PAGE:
• * I used the Adafruit cobbler for testing

    Let's get started!

    1. Let's do the light-sensor first. This has a 5v input, a GND, and digital output (giving HIGH or LOW depending on lighting conditions). We need to connect all of these to independent terminal strips on the breadboard. So for example:

    5v goes to terminal strip 1. So we connect a jumper wire from this terminal strip to the 5v output on nightPi

    GND goes to terminal strip 2. So we connect two other jumper wires to this terminal strip. One will go to GND on nightPi and one will go to GND on dayPi

    Digital output goes to terminal strip 3. So we connect two other jumper wires to this terminal strip. One will go to GPIO 11 on nightPi, and one will go to GPIO 11 on dayPi. [note this is BOARD numbering for the GPIOs]

    Let's see what this looks like with a photo! This includes the wiring for the PIR, which is the same kind of thing but to GPIO 7 on each Pi for the digital output!

    2. Now let's to it for the PIR. In the photo you can see the light-sensor is wired to the terminal strips on right of divider, and the PIR is wired to terminal strips on the left of the divider (the middle groove of the breadboard).

    5v goes to terminal strip 1. So we connect a jumper wire from this terminal strip to the 5v output on dayPi

    GND goes to terminal strip 2. So we connect two other jumper wires to this terminal strip. One will go to GND on nightPi and one will go to GND on dayPi

    Digital output goes to terminal strip 3. So we connect two other jumper wires to this terminal strip. One will go to GPIO 7 on nightPi, and one will go to GPIO 7 on dayPi. [note this is BOARD numbering for the GPIOs]

    If you zoom into the photo, you should be able to follow the paths of the wires!

    Here's a close-up of the breadboard. You can see how 5v input to the light-sensor and PIR is sent to the first terminal strip, and then it meets the 5v output from the Pi there. Thus we supply power to the light-sensor and PIR. And GND from the light-sensor and PIR goes to the next terminal strip, and from there is sent to GND on both dayPi and nightPi. And digital outputs from light-sensor and PIR go to the next terminal strip down, and they meet wires which take them to the GPIO PINs on dayPi and nightPi.

    And in the below photos you can see the wires connecting with the dayPi and nightPi:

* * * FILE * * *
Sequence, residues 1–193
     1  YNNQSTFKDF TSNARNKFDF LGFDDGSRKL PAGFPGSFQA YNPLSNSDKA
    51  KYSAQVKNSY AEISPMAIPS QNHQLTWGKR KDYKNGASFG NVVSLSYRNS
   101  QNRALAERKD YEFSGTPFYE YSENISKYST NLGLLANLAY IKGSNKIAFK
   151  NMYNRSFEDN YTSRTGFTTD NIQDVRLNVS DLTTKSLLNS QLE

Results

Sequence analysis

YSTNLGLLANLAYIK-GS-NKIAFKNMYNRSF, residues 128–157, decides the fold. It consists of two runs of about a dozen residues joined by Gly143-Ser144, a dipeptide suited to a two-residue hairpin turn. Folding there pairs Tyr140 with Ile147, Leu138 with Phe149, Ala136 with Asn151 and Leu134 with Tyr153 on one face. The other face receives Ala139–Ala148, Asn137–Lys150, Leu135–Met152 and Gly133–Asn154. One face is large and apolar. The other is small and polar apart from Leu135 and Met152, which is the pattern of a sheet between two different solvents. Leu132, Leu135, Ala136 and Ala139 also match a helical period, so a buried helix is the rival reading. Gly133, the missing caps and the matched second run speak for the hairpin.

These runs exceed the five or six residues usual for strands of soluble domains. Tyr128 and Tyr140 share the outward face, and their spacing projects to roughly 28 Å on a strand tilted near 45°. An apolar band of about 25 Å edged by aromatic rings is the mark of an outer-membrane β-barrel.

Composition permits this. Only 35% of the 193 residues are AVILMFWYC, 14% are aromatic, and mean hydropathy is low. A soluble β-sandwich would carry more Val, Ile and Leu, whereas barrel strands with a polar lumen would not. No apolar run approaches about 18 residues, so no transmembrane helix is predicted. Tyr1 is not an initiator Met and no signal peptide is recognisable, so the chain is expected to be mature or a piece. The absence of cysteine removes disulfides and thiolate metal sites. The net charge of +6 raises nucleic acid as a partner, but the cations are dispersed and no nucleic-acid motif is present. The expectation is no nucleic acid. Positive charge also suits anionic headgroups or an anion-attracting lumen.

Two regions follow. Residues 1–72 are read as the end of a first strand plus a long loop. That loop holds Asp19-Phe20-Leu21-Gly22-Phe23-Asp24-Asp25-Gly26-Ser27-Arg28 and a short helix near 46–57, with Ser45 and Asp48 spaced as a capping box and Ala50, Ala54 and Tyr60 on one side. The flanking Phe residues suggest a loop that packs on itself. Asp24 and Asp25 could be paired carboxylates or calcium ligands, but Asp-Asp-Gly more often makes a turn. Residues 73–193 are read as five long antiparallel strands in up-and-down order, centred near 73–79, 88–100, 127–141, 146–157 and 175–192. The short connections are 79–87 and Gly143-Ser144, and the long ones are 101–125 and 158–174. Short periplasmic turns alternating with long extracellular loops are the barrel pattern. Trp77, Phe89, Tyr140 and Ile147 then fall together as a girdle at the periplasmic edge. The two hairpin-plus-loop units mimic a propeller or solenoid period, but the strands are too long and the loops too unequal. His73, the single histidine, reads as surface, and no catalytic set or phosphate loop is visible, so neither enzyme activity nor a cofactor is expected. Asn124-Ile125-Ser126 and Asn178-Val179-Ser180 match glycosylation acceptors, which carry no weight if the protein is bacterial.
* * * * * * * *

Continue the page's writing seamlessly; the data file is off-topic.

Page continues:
3. Great! We are all ready to share the PIR and light-sensor now!

  • Testing of ElephantAI

    Neil K. Sheridan10/19/2017 at 20:18 0 comments

    So, at this stage we have built, tested, and setup, all the computational components of the system, including their associated circuits, and we have added our final code to each of them!

    Remember we have three primary computational components:

    -- Elephant Detection Device

    which is comprised of:

    dayPi (Raspberry Pi)

    nightPi (Raspberry Pi)

    -- Elephant Deter Device

    which is comprised of:



    Now let's get started on testing how the system interacts!

    For testing, I suggest having a monitor and keyboard/mouse for each of the three primary computational components. And of course, we want all of our associated circuits setup! You don't need the solar recharging circuit. You can just test the IR illumination devices by connecting a 12v battery to the optically isolated switching circuit.

    Let's see how we get on!

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Enjoy this project?



shouvik7 wrote 04/19/2018 at 07:21 point

hello Neil,

I am currently working on this project using a raspberry pi 3. I was able to successfully download tensorflow version 1.1.0 and also keras version 2.5.1. but when i run the following command 

model = InceptionV3(weights='imagenet')

I get an error saying 

TypeError: softmax() got an unexpected keyword argument 'axis'

How do i proceed from this. I'd appreciate it if you help me out here.

  Are you sure? yes | no

Thomas wrote 04/25/2017 at 19:17 point

Hi Neil, I think this here might be of interest:

  Are you sure? yes | no

Neil K. Sheridan wrote 04/25/2017 at 19:38 point

Hi, Thanks! That does look interesting! Will go thru it!

  Are you sure? yes | no

Thomas wrote 04/25/2017 at 19:56 point

When I think of elephants, the first thing that comes into my mind is how they move. The idea of using optical flow for creating a "movement spectrogram" is intriguing. The first couple of lines in the Wikipedia article on optical flow point to interesting approaches:

  Are you sure? yes | no

Thomas wrote 01/28/2018 at 16:22 point

Another bit of information you may find interesting:

  Are you sure? yes | no

Neil K. Sheridan wrote 03/26/2017 at 20:21 point

yes! I'm going to post it later this week! I'm just taking out the bits that aren't relevant so it is easy to follow! 

  Are you sure? yes | no

jessica18 wrote 03/26/2017 at 17:23 point

can you post the code

  Are you sure? yes | no